Kernel Summit 2013: Call for Hobbyists
Filipe David Manana
fdmanana at gmail.com
Thu Aug 15 10:07:08 EDT 2013
On Thu, Aug 15, 2013 at 3:31 AM, Theodore Ts'o <tytso at thunk.org> wrote:
> As an experiment this year, the Linux Kernel Summit Program Committee
> would like to put out a call for hobbyists. This year, we have up to
> three places to give to people who do Linux Kernel development as a
> hobby rather than a profession (Our definition of "hobbyist" is anyone
> who doesn't get paid to work on Linux). The Linux Kernel Summit will be
> held this year in Edinburgh from 23-25 October and, on the core day (the
> 24th of October), will primarily be concentrating on processes around
> kernel development. Since most top kernel developers are not hobbyists
> these days, this is your opportunity to make up for what we're missing.
> As we recognize most hobbyists don't have the resources to attend
> conferences, we're offering (as part of the normal kernel summit travel
> fund processes) travel reimbursement as part of being selected to
> To apply, please send a proposal outlining what you do, what you'd bring
> to the kernel summit and preferably what you think the current kernel
> processes should be doing to encourage more hobbyist contributions (or
> should not be doing because it discriminates against hobbyist
> contributions) to:
> ksummit-2013-discuss at lists.linuxfoundation.org
> Please add the prefix [HOBBYIST ATTEND] to the subject line so we can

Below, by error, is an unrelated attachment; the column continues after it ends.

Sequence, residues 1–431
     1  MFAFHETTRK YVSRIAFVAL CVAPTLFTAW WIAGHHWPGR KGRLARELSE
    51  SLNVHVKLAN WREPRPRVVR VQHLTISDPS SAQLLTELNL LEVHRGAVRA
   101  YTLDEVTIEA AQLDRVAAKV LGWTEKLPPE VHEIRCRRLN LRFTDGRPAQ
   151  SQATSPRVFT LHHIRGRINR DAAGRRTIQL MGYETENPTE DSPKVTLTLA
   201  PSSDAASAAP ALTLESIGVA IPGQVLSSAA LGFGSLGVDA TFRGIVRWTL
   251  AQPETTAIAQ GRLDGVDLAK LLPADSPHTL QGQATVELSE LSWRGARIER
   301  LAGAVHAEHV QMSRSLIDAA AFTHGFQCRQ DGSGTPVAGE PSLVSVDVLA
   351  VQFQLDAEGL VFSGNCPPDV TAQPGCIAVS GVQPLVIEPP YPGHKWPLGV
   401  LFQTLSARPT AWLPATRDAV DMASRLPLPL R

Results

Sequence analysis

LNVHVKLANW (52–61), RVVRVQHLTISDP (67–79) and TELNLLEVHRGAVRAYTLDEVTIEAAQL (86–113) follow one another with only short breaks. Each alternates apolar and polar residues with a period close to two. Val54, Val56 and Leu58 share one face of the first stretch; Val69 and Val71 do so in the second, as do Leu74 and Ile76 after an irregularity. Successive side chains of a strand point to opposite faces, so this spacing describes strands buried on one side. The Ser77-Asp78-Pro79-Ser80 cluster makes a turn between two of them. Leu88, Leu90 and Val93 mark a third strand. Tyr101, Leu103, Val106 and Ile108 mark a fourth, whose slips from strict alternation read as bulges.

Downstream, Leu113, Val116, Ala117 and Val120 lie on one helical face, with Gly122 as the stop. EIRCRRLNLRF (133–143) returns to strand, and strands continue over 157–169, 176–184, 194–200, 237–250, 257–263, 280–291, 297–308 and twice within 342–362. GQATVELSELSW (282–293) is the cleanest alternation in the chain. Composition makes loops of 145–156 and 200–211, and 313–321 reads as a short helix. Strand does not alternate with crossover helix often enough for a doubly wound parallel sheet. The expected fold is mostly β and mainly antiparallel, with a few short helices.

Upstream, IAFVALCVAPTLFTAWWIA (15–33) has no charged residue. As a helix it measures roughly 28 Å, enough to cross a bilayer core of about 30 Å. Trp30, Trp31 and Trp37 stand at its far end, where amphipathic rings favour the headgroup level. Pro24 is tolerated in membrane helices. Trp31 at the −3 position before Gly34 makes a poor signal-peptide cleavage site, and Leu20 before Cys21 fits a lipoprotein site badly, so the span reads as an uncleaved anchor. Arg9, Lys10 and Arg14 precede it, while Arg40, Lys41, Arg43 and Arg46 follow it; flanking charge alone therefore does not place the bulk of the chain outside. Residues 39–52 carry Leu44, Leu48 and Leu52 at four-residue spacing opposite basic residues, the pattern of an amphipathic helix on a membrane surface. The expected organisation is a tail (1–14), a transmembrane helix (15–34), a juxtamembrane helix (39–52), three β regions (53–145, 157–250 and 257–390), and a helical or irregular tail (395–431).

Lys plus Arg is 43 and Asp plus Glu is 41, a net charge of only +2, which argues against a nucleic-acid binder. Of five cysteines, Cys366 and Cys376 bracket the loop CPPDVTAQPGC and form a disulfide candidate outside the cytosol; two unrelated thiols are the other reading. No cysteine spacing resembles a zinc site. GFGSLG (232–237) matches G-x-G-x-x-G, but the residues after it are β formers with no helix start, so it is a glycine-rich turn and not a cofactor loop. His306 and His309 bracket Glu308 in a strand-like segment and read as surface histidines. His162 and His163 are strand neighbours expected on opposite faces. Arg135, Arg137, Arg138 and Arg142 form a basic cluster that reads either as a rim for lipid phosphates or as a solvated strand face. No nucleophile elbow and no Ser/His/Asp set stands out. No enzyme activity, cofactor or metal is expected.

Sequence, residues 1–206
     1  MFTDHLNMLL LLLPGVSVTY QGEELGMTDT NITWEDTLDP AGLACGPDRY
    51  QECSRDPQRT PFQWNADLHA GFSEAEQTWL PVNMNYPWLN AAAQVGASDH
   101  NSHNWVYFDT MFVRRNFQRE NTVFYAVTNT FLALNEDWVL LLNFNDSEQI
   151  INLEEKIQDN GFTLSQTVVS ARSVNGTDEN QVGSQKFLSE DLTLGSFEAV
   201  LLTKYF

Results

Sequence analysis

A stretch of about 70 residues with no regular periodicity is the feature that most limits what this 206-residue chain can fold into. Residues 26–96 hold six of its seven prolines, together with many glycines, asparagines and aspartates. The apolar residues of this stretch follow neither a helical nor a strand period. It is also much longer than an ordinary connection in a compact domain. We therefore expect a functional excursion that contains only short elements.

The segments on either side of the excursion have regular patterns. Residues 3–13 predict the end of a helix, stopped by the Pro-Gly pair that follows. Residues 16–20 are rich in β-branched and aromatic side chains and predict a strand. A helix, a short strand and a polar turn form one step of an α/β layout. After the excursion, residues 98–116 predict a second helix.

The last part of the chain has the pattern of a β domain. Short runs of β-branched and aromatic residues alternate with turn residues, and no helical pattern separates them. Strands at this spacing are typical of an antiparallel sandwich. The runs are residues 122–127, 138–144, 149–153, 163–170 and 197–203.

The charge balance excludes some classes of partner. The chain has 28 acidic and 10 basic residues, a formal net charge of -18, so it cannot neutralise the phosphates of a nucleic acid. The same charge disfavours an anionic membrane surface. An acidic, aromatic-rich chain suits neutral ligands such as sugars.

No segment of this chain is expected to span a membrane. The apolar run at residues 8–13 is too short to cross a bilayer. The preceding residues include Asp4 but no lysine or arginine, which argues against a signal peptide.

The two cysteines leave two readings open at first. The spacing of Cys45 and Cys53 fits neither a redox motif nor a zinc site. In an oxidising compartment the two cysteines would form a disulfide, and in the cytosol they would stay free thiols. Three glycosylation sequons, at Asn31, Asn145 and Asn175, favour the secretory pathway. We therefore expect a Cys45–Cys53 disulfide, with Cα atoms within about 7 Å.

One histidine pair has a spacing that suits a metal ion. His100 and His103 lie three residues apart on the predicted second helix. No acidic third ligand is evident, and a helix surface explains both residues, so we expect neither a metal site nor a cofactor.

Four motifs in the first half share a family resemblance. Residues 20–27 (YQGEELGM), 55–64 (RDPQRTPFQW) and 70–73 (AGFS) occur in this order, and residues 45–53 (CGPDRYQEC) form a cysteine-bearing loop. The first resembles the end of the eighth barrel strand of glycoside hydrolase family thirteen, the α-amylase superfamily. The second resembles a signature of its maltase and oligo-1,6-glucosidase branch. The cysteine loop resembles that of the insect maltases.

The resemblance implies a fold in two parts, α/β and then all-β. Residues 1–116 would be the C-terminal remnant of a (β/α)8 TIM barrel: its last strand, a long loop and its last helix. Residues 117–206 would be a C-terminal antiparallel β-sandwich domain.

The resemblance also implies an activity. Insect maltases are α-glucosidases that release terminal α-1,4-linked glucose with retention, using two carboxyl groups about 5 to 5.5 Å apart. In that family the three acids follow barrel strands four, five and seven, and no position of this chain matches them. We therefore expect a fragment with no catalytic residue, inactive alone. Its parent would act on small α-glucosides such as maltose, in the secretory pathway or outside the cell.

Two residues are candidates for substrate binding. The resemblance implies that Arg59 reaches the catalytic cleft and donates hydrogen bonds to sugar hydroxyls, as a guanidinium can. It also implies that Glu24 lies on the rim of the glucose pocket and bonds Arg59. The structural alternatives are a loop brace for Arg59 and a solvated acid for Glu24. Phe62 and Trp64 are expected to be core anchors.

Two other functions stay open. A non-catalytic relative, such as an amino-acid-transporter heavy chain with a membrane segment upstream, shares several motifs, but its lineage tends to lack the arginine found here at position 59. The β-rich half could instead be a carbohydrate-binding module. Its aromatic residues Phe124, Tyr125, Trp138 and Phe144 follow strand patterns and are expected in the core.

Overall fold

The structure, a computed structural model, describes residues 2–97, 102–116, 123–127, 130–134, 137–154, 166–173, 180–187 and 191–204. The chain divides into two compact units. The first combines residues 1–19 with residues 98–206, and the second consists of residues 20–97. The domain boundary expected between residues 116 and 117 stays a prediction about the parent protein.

> easily find them.
> Descriptions of particularly cool hobbyist projects in the kernel which
> have been overlooked by the mainstream might also be good topics for
> discussion. Since the Kernel Summit is only two months away, we're
> looking to have hobbyist proposals submitted by 24 August. We know that
> this is a tight timetable and we apologize; this idea came up too late
> for us to provide better notice. The current plan is to make the
> hobbyist slots a permanent part of the selection criteria, so things
> should be less rushed in the coming years.
Does the number and importance of contributions made to the kernel
have a very significant weight? Or is it accessible to recent
contributors, with perhaps not more than a dozen or so small
contributions (small bug fixes and micro improvements) ?
Thanks, that seems like a very good initiative.
> Kernelnewbies mailing list
> Kernelnewbies at kernelnewbies.org
Filipe David Manana,
"Reasonable men adapt themselves to the world.
Unreasonable men adapt the world to themselves.
That's why all progress depends on unreasonable men."
More information about the Kernelnewbies